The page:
By Nicole Hilton, July 8th, 2020
When the dark side arranges the unimaginable against the most innocent, the mind wipe and compartmentalization of the event become a harsh but necessary blessing. Though a protection, the dissociation expresses itself as a mental illness—a disease against peace of mind and relationships. When the time for healing comes, Pandora’s box must be opened—for what’s inside is what needs to be healed…yet it might be opened in different ways for different people—with me, only emotions manifest. My frustration with this was evident when, in 2016 I prayed for my actual memories to come back (written about here). This is a poetic metaphor about that experience.
In the wild wilderness of my memory there is a fortress whose walls are 100 feet high and 100 feet thick, and I’ve beaten my fists on those walls until my hands looked like bruised and bloody stumps of fury and of madness and confusion.
I yelled and ranted and kicked. I wondered if marching around those walls and blowing trumpets would bring them down. I built ladders and launched catapults to no avail. I screamed, “Lend my life some legitimacy! Why am I the wild way that I am?” and the walls still stood, silent and immovable and daunting.
After I did all I could, I realized there was one more thing I could do. I abandoned the trumpets, the ladders, and the catapult. I wrapped up my bloody hands, and I knelt down to pray. I prayed outside of that formidable fortress for six long months, until finally, reluctantly, God came and offered to take me to the top of the wall.
At first I was excited. I wanted to see what was on the other side so badly, it had consumed me like cancer. We rose up the rocky exterior and neared the top. It came ever closer and closer, until I was just feet from the ramparts—feet from seeing whatever was on the other side—feet from seeing what God had shielded me from for years and years and years.
Then fear came like a monster and gripped me. It grew until it was as big as the whole world, and the weight of it began to grind my shoulder bones into powder. I squeezed my eyes shut tight, but we kept on moving until we were up to the ramparts. I couldn’t look—I couldn’t see whatever was on the other side because I knew it would prove my destruction, and I’d never be able to un-see it though I’d wish and try to forget it for a hundred years. I screamed my throat raw and ragged: SAVE ME FROM THIS PLACE.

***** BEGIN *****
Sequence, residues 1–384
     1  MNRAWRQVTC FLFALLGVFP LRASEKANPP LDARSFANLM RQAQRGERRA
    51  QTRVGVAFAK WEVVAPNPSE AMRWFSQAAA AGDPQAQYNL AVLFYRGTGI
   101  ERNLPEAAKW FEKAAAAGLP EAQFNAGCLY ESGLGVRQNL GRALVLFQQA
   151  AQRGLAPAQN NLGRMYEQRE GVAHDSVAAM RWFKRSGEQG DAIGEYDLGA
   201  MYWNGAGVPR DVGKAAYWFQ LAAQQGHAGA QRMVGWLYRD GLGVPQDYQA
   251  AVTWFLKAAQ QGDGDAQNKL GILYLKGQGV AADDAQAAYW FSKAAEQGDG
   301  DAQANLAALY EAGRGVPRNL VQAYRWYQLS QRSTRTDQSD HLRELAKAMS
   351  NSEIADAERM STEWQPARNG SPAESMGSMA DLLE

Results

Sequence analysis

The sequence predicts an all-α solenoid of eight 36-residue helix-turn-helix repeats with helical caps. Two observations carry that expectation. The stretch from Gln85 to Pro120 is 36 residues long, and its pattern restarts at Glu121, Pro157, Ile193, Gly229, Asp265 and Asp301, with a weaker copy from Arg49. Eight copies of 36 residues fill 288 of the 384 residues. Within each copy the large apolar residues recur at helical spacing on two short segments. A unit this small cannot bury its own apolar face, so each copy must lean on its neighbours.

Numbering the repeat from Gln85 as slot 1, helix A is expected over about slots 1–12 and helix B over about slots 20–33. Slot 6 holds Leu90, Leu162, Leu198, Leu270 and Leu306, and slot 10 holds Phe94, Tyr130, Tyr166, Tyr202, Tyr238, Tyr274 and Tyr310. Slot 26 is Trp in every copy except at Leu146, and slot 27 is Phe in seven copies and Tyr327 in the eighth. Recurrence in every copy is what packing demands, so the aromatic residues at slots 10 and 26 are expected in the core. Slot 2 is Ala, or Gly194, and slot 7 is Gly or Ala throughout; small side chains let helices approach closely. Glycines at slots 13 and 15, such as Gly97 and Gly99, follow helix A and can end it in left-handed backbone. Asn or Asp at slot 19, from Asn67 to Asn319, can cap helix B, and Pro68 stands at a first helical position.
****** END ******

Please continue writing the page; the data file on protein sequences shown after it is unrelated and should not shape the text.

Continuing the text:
Then God, in an instant, had me back on solid ground. I was, again, outside of the wall. God stood beside me and turned to me with sad eyes, saying, “This is why, my Daughter, this is why.”
Now there is no longing when I come up against these fortresses in my mind—which are many, I’ve discovered. I go instead up to those walls which keep out The Unseen; I hug them and say in a whisper, Thank you God. Thank you.
I wonder why others have seen what I could not. What would have driven me crazy with the sight of it. But I don’t wonder for too long before I turn from hugging the wall and simply walk away, my wild ways seeping out of my slow and measured gait, leaving drops of black where footprints stand in soil.
2 thoughts on “The Fortress in My Mind”
i am just now allowing my alters to tell me their story but it has been a very long road. i am finally at a place of stability and with a good therapist where I can handle the details and even as shocking as they are, I find it such a relief! Thanks for your blog.
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Thank you Lisa I’m so sorry for what you’ve been through. No one should have to go through this. But I am grateful to have someone out there who understands. That’s what we survivors can do for each other